Moving the cursor through the simulation changes the values. So 102.081ns into the simulation we should have just completed execution of the following code:
-- -- 0 + 1, carry in = 0 -- Result should be 1 with no carry out. -- a <= '0'; b <= '1'; cin <= '0'; wait for 5 ns;
From the truth table presented at the start of this post we should be expecting result to be 1 and carry out to be 0. This is verified by the following output:
Similarly, at 107.081ns into the simulation we are executing the following code:
-- -- 1 + 0, carry in = 0 -- Result should be 1 with no carry out. -- a <= '1'; b <= '0'; cin <= '0'; wait for 5 ns;
Again, double checking with the truth table we see that we are expecting result to be 1 and carry out to be 0.
Once again the trace verifies this.
Deploying to the Board
This article was supposed to end with the deployment of the design to the Elektor FPGA board. The board has two LEDs which can be used for output and we can use jumper leads for the three inputs to the board.
Xilinx Software Problems
All was going well until I started to map the signals to the pins on the board using the Xilinx PlanAhead tool. At this point PlanAhead displayed the banner and then simply quit. The output in the console reported the fact that a log file had been generated. Opening the log file I found this:
****** PlanAhead v14.7 (64-bit) **** Build 321239 by xbuild on Fri Sep 27 19:29:51 MDT 2013 ** Copyright 1986-1999, 2001-2013 Xilinx, Inc. All Rights Reserved. INFO: [Common 17-78] Attempting to get a license: PlanAhead INFO: [Common 17-290] Got license for PlanAhead INFO: [Device 21-36] Loading parts and site information from C:/Xilinx/14.7/ISE_DS/PlanAhead/data/parts/arch.xml Parsing RTL primitives file [C:/Xilinx/14.7/ISE_DS/PlanAhead/data/parts/xilinx/rtl/prims/rtl_prims.xml] Finished parsing RTL primitives file [C:/Xilinx/14.7/ISE_DS/PlanAhead/data/parts/xilinx/rtl/prims/rtl_prims.xml] start_gui # # A fatal error has been detected by the Java Runtime Environment: # # EXCEPTION_ACCESS_VIOLATION (0xc0000005) at pc=0x000007fa87e21355, pid=64, tid=8124 # # JRE version: 7.0_17-b02 # Java VM: Java HotSpot(TM) 64-Bit Server VM (23.7-b01 mixed mode windows-amd64 compressed oops) # Problematic frame: # C [msvcrt.dll+0x1355] free_dbg+0x5 # # Failed to write core dump. Minidumps are not enabled by default on client versions of Windows # # An error report file with more information is saved as: # E:\MarksDocs\Circuits\Xilinx FPGA\BitFullAdderWithCarry\hs_err_pid64.log # # If you would like to submit a bug report, please visit: # http://bugreport.sun.com/bugreport/crash.jsp # The crash happened outside the Java Virtual Machine in native code. # See problematic frame for where to report the bug. #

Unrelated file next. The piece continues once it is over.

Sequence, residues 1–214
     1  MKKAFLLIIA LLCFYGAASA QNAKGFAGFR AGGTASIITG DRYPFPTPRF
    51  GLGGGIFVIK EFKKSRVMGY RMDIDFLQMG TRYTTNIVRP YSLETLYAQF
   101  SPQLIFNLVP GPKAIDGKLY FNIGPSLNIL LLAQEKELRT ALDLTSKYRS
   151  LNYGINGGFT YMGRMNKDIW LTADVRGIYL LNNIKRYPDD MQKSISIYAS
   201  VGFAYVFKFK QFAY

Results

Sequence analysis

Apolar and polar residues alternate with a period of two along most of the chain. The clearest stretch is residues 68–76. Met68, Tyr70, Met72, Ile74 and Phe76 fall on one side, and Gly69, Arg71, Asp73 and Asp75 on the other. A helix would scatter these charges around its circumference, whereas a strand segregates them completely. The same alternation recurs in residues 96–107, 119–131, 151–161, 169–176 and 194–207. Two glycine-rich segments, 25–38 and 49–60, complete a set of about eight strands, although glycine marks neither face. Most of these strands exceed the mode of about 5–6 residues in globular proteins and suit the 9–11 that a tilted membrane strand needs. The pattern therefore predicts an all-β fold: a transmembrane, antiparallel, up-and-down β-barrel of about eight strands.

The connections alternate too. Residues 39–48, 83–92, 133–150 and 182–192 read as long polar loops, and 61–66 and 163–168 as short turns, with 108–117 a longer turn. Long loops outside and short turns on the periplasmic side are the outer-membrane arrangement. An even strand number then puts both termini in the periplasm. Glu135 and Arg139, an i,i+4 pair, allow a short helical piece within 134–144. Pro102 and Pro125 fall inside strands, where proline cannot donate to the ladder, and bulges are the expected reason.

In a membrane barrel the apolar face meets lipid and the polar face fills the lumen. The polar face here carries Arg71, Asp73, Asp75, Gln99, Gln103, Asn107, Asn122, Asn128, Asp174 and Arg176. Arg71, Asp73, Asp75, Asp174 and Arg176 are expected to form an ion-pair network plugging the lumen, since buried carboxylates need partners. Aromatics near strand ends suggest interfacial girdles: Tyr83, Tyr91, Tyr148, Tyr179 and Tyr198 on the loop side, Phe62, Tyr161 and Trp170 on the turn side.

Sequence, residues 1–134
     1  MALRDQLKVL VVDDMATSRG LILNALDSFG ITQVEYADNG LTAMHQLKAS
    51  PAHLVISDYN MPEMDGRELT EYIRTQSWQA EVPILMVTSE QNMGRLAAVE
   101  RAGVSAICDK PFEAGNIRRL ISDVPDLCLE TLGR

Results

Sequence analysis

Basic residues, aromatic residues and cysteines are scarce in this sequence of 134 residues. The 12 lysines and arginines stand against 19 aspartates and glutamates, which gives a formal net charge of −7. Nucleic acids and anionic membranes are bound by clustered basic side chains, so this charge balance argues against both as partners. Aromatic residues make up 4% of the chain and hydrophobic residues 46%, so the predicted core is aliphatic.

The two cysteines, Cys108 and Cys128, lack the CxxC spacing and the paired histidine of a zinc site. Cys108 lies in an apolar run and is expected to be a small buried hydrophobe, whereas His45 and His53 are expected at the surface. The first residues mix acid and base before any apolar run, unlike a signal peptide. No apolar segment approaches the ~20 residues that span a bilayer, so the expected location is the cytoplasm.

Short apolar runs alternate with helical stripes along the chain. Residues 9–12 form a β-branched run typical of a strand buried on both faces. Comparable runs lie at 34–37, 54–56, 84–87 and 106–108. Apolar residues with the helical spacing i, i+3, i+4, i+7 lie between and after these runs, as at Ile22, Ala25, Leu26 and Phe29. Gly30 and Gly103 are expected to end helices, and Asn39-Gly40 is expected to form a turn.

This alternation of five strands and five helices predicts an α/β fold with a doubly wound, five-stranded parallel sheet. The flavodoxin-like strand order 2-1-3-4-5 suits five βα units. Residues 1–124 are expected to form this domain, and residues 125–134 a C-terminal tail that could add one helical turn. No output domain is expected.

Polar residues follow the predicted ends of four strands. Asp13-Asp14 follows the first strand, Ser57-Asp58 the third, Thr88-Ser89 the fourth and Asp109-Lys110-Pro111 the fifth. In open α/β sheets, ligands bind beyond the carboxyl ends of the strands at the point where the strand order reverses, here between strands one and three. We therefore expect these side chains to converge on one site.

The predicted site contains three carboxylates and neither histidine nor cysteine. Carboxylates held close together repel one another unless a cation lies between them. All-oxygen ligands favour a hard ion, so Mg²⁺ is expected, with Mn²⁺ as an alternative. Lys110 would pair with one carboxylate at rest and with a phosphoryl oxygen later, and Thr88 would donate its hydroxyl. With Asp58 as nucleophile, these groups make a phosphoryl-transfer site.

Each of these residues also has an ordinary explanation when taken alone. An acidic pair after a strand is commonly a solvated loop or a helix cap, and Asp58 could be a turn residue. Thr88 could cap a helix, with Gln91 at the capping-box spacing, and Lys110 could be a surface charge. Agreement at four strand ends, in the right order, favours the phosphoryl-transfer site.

I have had the PlanAhead tool working in the past as I had completed the exercises in the Elektor magazines in the past. Time for some investigation. After several hours, and I do mean several hours, I uninstalled the 14.7 version of the tools and downloaded the 14.3 version from October 2012. Interestingly, this fixed the problem and PlanAhead launched as expected. So, on with the exercise.
On With the Exercise
The next step is to deploy the full-adder to the Elektor board connecting the ports to the pins on the board. We should be able to use jumper cables to represent the inputs to the full adder. The board contains two LEDs which we can use to show the output from the adder.
Firstly, we switch back to the Implementation view, expand Synthesise – XST and click on the green triangle to start the synthesis. This took a minute or so on my machine so expect to wait for the process to complete.
From the green tick in the processes panel above you can see that the synthesis completed with no errors.
The next step is to assign pins on the board to the input and output signals.
Double click on I/O Planning (PlanAhead) Post-Synthesis item in the User Constraints treeview. You will be presented with the following window:
Answer Yes to this question. After a while the PlanAhead tool should appear.